The IRA and UDA are both considered Irish terrorist organizations, but they do not have the same agenda, as it is humorously pointed out in The Authority: The Magnificent Kev #1. The IRA is famously known as an anti-British and Irish nationalist organization, but the UDA is a Loyalist organization. In the issue, terms like “Prods/Fenians” and “Hun/Taig” are used. In context, Prods and Hun are derogatory words against Northern Irish people while Fenian and Taig are derogatory words against Southern Irish people. I’ve broken it down as such:

  • Prods is merely a shortening of the word “Protestant.” When the Protestant British occupied the Catholic Irish, they brought religion with them. To this day, Northern Ireland is Protestant and Southern Ireland is Catholic. It is used in this context as a slur.
  • Hun is another slur word that refers to Protestants. I’ve tried to find the origin of this word or why it came to be but have had little success. I’ve read that it might come from Hanover, Germany in the sense of that being the birthplace of Protestantism and also that Germans were likened to Huns in their barbarism and incivility, though both of these explanations are met with suspicion and doubt.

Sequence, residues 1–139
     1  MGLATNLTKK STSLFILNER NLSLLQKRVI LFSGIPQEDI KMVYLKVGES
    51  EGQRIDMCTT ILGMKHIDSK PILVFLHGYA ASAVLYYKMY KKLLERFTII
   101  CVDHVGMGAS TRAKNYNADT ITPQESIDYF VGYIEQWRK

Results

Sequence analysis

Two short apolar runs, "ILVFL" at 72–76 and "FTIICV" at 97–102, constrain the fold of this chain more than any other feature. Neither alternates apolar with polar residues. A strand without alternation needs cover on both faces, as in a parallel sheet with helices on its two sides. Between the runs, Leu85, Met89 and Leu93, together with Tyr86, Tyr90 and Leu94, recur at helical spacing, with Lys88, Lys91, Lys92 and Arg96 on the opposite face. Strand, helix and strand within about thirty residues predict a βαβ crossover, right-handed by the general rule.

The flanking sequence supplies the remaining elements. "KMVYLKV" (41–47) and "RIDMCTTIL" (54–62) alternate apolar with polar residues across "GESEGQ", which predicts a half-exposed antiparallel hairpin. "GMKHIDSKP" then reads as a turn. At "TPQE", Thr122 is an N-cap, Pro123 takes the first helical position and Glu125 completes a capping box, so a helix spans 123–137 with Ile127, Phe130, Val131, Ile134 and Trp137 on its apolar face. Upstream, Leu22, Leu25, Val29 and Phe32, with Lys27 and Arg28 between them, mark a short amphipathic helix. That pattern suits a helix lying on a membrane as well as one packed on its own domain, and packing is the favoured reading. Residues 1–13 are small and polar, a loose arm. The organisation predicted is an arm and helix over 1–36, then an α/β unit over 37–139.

• Fenians take the name from the Fionn Mac Cumhaill, a warrior in Irish mythology. This figure was chosen by the organizers of the Fenian Brotherhood, which were a separatist Irish group. (Fun fact: they have history with Canada.)